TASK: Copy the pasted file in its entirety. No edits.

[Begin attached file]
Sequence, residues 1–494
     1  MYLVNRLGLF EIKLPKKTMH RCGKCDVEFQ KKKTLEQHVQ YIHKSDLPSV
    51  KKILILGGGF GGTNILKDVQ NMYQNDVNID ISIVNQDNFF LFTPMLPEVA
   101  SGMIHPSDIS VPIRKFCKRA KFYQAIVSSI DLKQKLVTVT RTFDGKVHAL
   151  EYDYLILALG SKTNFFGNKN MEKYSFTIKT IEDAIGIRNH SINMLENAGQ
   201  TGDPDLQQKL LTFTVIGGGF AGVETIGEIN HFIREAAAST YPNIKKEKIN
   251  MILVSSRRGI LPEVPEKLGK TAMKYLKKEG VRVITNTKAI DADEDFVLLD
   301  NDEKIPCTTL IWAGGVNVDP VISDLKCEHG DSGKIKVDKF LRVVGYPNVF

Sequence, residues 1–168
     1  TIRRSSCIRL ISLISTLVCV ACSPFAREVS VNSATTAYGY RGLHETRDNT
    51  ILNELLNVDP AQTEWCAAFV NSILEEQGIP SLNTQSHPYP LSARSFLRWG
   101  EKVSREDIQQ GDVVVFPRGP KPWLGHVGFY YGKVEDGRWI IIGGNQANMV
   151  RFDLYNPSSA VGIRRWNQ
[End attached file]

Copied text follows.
Sequence, residues 1–494
     1  MYLVNRLGLF EIKLPKKTMH RCGKCDVEFQ KKKTLEQHVQ YIHKSDLPSV
    51  KKILILGGGF GGTNILKDVQ NMYQNDVNID ISIVNQDNFF LFTPMLPEVA
   101  SGMIHPSDIS VPIRKFCKRA KFYQAIVSSI DLKQKLVTVT RTFDGKVHAL
   151  EYDYLILALG SKTNFFGNKN MEKYSFTIKT IEDAIGIRNH SINMLENAGQ
   201  TGDPDLQQKL LTFTVIGGGF AGVETIGEIN HFIREAAAST YPNIKKEKIN
   251  MILVSSRRGI LPEVPEKLGK TAMKYLKKEG VRVITNTKAI DADEDFVLLD
   301  NDEKIPCTTL IWAGGVNVDP VISDLKCEHG DSGKIKVDKF LRVVGYPNVF

Sequence, residues 1–168
     1  TIRRSSCIRL ISLISTLVCV ACSPFAREVS VNSATTAYGY RGLHETRDNT
    51  ILNELLNVDP AQTEWCAAFV NSILEEQGIP SLNTQSHPYP LSARSFLRWG
   101  EKVSREDIQQ GDVVVFPRGP KPWLGHVGFY YGKVEDGRWI IIGGNQANMV
   151  RFDLYNPSSA VGIRRWNQ